Wednesday, August 20, 2014


Transmission

Russian Man Films Own Death In Tragic Workplace Accident (UPDATED)

A demolition job in Lipetsk, Russia, went horribly wrong on June 16.
A demolition job in Lipetsk, Russia, went horribly wrong on June 16.
Russia's dismal safety record was underlined once again this week with the publication of a video on YouTube depicting a horrible workplace accident that has already been viewed by tens of thousands of people just a couple of days after being uploaded.

(UPDATE: The video has since been removed from YouTube as a violation of its content policies.)

The tragic incident was the result of a botched demolition job in the city of Lipetsk on June 16.

According to Russian news reports, as laborers sought to tear down a three-story building in the courtyard of a hardware store with a bulldozer and some steel cabling, a shop employee ambled out and began filming the work with his camera-phone. 

It's clear from the footage that 29-year-old Yevgeny Titov is unaware that he is in any danger and no attempt is made by the workers to remove him or to create a safety exclusion zone around the demolition area.

Titov can even be heard exhorting the bulldozer's driver as the machine grapples with the old masonry. Then, tragedy strikes as a huge piece of the building crashes to the ground, spraying dangerous chunks of debris in all directions.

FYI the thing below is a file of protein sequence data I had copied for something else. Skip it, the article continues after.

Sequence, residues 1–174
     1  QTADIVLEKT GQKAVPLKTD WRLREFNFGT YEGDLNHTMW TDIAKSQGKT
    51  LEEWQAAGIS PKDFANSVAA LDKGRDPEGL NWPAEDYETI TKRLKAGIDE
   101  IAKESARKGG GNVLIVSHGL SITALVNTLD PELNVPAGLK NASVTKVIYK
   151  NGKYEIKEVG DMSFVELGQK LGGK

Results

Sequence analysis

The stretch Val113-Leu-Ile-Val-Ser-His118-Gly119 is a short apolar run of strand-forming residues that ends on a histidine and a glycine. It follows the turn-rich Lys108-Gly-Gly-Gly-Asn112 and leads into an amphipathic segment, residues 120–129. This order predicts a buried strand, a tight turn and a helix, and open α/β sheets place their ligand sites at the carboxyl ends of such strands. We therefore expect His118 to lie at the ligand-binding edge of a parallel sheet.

Titov is quickly engulfed by the flying rubble and chaotic scenes follow as the people around him try to rush to his aid. Another man, much closer to the demolition, can be seen jumping out of the way of the exploding debris at the last second.

Despite the best efforts of doctors, Titov's injuries were too severe for him to survive. He is survived by his wife and a 3-year-old daughter. One other man was hurt in the incident, but his injuries were not thought to be life-threatening. 

The company in charge of the demolition is now facing charges of criminal negligence and, in a cruel twist of fate, Titov's camera-phone footage will be a crucial piece of evidence in the case.

Sadly, the tragedy in Lipetsk highlights the difficulty of establishing a culture of occupational safety in Russia, where work-related deaths and injuries are still very common despite legislative efforts to improve the situation.

-- Coilin O'Connor
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Written by RFE/RL editors and correspondents, Transmission serves up news, comment, and the odd silly dictator story. While our primary concern is with foreign policy, Transmission is also a place for the ideas -- some serious, some irreverent -- that bubble up from our bureaus. The name recognizes RFE/RL's role as a surrogate broadcaster to places without free media. You can write us at transmission+rferl.org

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